WestConn professor to perform Mozart premiere in Vienna

DANBURY, CONN. — As a violinist with the Manhattan String Quartet, Professor of Music Eric Lewis has performed some of the world’s most treasured classical compositions on countless stages throughout the United States and Europe. At this point in his career, there probably isn’t much he hasn’t seen or done when it comes to playing the violin. So when he was offered the opportunity to perform the premiere of a newly discovered composition by Wolfgang Amadeus Mozart, Lewis didn’t hesitate to accept the honor.

More then 50 years ago Mozart’s “Triple Sinfonie Concertante” was discovered by one of Vienna’s most celebrated violinists. When Eduard Melkus unearthed the piece in the archives at The Mozarteum in Salzburg, it was an incomplete manuscript, so he immediately went to work to finish it for the world to hear. Melkus, who owned Leopold Mozart’s violin and donated it to the Kunsthistoriches Museum, restructured the piece and then had it published.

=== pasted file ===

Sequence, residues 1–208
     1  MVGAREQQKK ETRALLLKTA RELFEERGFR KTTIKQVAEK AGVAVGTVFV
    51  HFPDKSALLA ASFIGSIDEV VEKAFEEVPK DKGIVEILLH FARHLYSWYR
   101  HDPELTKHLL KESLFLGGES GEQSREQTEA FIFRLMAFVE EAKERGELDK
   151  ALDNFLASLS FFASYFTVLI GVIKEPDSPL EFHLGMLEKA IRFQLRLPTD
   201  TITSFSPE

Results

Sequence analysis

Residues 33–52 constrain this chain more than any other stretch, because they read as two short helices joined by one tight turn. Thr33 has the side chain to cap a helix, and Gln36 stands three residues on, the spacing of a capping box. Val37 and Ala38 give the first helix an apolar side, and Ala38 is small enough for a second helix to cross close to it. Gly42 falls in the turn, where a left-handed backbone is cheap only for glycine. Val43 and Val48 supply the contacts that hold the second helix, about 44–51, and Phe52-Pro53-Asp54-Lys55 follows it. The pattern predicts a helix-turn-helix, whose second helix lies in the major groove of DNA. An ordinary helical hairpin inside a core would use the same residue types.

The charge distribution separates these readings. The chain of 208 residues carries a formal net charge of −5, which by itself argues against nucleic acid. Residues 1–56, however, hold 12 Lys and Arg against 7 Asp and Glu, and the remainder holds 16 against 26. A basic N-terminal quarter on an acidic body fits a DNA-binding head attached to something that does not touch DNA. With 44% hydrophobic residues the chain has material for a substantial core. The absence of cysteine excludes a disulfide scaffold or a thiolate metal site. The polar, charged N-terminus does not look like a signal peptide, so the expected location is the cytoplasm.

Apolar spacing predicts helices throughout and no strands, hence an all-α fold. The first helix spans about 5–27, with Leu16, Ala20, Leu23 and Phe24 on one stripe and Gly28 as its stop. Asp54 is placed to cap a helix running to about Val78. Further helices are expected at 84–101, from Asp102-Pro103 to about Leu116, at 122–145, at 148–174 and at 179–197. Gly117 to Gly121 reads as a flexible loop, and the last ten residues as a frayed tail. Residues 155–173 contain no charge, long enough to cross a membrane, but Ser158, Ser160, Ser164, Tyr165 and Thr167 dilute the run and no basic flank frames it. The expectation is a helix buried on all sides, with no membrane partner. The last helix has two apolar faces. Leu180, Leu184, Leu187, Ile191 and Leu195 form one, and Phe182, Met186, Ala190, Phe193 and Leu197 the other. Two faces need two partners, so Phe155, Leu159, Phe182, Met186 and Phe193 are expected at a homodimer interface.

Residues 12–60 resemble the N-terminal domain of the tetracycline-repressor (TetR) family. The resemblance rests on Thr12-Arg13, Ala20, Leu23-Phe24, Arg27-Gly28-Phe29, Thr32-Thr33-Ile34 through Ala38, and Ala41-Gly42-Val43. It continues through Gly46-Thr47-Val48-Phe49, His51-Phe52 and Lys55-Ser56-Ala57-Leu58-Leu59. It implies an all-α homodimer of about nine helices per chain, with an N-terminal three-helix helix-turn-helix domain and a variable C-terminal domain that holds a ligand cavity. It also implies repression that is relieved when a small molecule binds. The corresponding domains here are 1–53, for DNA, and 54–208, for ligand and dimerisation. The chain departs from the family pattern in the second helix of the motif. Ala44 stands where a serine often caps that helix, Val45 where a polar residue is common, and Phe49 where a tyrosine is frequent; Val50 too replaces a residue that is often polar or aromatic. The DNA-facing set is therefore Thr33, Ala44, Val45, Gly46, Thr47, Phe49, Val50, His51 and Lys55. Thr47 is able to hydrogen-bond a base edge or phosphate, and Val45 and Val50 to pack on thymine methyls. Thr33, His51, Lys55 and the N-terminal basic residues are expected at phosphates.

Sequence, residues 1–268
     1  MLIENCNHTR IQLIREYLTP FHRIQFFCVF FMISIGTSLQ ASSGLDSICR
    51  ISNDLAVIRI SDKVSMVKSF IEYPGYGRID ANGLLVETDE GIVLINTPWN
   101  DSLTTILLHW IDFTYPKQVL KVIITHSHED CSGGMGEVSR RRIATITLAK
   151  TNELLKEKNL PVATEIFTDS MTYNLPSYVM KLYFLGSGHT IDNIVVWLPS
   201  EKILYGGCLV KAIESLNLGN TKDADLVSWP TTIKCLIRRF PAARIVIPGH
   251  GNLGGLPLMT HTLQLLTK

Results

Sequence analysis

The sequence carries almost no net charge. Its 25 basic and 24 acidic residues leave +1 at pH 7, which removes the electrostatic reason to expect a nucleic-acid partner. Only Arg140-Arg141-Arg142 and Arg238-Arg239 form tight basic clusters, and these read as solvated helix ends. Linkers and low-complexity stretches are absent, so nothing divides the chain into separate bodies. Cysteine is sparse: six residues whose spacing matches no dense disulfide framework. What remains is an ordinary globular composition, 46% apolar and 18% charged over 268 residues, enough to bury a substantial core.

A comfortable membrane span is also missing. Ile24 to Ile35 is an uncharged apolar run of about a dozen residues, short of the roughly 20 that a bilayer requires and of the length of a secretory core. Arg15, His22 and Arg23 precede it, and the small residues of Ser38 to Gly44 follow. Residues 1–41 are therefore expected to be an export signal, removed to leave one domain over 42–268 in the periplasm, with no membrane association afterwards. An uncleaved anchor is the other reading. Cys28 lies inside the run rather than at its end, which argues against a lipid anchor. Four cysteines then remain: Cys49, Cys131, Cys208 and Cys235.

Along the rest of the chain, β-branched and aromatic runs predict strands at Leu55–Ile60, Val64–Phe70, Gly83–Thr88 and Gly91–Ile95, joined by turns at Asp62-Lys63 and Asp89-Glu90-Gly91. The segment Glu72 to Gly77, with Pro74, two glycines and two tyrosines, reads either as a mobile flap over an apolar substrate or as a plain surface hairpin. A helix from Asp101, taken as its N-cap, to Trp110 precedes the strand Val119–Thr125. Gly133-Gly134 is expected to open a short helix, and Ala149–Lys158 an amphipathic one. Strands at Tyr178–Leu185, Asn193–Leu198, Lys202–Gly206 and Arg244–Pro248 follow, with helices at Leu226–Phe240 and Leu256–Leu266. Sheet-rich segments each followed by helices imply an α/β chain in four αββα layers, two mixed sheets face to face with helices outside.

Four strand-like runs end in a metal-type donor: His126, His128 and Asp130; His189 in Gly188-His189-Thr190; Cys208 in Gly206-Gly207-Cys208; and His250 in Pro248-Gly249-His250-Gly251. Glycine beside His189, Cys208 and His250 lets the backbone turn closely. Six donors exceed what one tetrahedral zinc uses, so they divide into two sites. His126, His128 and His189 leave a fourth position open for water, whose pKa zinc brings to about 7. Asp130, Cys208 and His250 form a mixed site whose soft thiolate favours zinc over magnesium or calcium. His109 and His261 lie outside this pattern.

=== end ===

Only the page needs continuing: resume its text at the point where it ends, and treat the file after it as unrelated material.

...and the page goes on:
Melkus has also written several journal articles on the discovery, most recently printed in Vienna explaining the process he went through over the last 50 years to bring the Mozart Triple Concerto to publication and performance. Lewis translated one of Melkus’s articles on his work regarding the Mozart discovery from Viennese-German to English. It will be published in Vienna and the U.S. this spring.

The “Triple Sinfonie Concertante,” which contains the only known solo work for cello written by Mozart, will be performed for the first time this spring in Vienna and Lewis will play the violin part.

Lewis was in Vienna at a music conference with the Manhattan String Quartet in January and he visited with Melkus at his home. Melkus showed Lewis the piece and explained its history. Then the famed violinist asked Lewis to perform in the premiere.

“He said to me ‘I’ve been thinking about this and you’re the one to perform this,’ Lewis recalled. “My jaw just dropped. Here he is looking at me, an American, and asking me to play this. I was taken aback.” Melkus said Lewis was perfect to play the piece because of his Viennese style, which he developed while at the Manhattan School of Music.

Lewis said the concerto is unique in that it includes the cello, and he described the concerto as being on par with other Mozart concertos. “I love it,” Lewis said. “It’s a fresh, new discovery. It’s appealing, lyrical, exciting.”

The premiere of “Triple Sinfonie Concertante” will be May 6 at The Kunsthistorisches Museum in Vienna as part of Melkus’s music and art series.


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